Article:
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  • AIR QUALITY HEALTH ALERT: Issued by Florida Department Of Health Escambia County

    07/22/14 14:53:46

    From the Florida Department of Health Escambia County: Effective immediately, in response to air quality monitoring, the FDOH-Escambia is issuing a health alert for the area surrounding the Wedgewood Community Center and the Rolling Hill Construction and Demolition Landfill in Escambia County, Florida.
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The following is an archived video story. The text content of that video story is available below for reference. The original video has been deleted and is no longer available.

Gulf Breeze traffic cameras

GULF BREEZE   --  Red means stop.
But people running red lights in Gulf Breeze can mean green for the city.
More than 5,000 drivers were hit with $158 tickets this year.
Gulf Breeze gets about half the fine. That's more than $390,000.

"We use it for traffic enforcement. And it isn't regular, incorporated into the city budget. It's used for special needs. Special events that come up, overtime as needed," says Gulf Breeze City Manager Buz Eddy.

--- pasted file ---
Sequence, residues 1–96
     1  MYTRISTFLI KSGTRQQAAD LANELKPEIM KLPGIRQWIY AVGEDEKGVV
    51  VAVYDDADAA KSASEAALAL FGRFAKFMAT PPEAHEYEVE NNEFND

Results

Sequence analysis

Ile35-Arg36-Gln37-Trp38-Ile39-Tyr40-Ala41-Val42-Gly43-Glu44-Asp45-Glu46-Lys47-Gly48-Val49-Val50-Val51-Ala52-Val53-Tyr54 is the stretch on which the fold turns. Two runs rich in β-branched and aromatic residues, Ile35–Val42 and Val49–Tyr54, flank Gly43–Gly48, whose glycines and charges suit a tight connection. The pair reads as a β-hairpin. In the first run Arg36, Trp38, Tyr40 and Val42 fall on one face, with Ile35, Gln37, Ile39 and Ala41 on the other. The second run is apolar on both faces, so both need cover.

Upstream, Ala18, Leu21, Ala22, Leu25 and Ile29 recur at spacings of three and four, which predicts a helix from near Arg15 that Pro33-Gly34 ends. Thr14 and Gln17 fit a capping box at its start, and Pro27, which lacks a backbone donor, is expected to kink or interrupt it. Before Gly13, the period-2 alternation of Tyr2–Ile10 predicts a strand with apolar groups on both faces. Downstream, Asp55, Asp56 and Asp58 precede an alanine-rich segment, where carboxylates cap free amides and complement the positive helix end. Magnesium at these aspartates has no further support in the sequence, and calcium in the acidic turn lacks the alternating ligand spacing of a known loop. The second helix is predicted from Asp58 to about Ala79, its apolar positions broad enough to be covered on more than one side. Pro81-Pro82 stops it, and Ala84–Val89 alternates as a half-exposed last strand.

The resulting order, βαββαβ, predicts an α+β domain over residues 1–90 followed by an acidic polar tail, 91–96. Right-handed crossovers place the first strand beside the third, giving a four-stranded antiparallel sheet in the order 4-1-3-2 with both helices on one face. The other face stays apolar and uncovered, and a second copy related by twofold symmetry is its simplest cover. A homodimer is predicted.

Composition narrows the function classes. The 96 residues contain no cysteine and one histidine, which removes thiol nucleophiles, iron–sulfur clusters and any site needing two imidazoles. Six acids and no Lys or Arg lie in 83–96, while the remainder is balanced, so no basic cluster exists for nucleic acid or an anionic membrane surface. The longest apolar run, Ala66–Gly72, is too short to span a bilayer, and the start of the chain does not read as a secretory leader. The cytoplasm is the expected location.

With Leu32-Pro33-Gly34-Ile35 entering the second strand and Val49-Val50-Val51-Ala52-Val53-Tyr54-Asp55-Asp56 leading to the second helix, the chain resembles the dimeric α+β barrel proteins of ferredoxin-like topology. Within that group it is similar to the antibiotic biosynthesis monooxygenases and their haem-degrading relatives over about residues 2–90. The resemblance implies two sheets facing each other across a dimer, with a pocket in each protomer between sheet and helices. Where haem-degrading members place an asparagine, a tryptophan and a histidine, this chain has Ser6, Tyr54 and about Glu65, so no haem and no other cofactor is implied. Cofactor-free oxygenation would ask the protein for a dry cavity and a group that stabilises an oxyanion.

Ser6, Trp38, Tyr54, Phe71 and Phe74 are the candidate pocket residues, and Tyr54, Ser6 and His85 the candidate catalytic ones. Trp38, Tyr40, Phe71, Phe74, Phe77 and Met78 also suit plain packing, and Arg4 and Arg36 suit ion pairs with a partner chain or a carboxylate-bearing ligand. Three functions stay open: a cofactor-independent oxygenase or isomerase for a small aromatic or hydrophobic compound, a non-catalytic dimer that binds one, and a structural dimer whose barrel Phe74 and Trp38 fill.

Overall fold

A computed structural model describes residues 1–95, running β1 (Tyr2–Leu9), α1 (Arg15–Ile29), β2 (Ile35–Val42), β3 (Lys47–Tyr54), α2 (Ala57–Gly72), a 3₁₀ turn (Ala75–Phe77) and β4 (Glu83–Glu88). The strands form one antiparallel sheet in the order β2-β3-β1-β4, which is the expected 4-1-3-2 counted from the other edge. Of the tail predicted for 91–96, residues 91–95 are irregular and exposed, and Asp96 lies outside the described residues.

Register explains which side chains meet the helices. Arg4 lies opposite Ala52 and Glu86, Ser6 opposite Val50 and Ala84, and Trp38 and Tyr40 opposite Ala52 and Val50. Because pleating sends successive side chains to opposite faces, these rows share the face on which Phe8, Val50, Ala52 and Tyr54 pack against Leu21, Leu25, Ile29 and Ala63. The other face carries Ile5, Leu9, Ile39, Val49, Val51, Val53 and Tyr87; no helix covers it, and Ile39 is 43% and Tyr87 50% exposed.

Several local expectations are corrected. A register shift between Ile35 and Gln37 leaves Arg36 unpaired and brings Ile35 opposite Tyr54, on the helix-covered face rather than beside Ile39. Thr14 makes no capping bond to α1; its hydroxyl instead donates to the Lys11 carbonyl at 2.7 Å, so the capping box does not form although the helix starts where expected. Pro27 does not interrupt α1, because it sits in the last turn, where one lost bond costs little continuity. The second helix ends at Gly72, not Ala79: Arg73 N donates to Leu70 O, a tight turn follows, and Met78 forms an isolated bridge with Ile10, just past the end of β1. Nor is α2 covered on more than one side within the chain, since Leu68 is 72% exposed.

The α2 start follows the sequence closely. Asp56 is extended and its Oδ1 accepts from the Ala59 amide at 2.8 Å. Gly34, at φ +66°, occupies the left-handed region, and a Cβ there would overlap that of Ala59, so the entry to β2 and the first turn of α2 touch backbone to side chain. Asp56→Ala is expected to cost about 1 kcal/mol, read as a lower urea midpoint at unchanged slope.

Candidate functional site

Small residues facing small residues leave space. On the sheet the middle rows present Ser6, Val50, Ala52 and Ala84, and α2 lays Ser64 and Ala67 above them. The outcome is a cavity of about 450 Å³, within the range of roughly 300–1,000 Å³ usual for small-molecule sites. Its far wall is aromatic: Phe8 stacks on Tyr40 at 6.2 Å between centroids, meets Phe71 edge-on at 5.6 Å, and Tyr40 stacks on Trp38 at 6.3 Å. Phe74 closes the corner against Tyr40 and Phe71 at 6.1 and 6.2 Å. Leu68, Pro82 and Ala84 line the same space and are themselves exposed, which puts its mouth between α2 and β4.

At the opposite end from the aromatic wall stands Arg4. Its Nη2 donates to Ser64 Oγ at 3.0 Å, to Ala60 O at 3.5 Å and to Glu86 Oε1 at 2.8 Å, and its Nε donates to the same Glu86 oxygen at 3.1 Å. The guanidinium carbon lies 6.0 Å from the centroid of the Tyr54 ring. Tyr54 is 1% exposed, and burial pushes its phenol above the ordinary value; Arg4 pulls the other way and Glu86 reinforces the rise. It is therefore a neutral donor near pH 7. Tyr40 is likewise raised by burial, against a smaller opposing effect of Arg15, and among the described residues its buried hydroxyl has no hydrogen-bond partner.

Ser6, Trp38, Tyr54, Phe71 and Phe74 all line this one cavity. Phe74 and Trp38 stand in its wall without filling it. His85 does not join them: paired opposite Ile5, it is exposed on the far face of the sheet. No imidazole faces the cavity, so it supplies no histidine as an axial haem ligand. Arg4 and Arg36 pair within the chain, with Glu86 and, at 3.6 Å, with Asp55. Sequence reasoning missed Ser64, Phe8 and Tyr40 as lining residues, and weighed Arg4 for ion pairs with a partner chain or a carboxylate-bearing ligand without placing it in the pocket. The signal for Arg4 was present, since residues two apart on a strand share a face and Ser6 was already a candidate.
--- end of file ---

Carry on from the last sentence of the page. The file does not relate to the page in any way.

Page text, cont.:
The other half of the ticket goes to the state.
What you may not realize is that the city has to pay for the equipment, the manpower to enforce and the court costs when someone wants to fight the fine; including a hearing officer and a court clerk.
That's why the city council voted for a $250 fine for those who contest the ticket and lose.
Even with the new few, does the city break even?

"Does not. It does not. But the costs are higher, but what the state prescribes is that you can only charge this much. So we charge that amount," continues Eddy.

Last year, 21 people contested their ticket. Only one was found innocent.
People are still split on the value, and legality, of these red light cameras.
But it looks like they're here to stay.

"It's not really correct. You know, I mean when you come through them. I got a ticket from one of them cameras, and I think it's not right," says Maurice, who live in Pensacola. "They need to take it down. I don't trust it."

"I see nothing wrong with it. If you're obeying the law, you know, you should have no problem with it," says longtime Gulf Breeze resident Jim.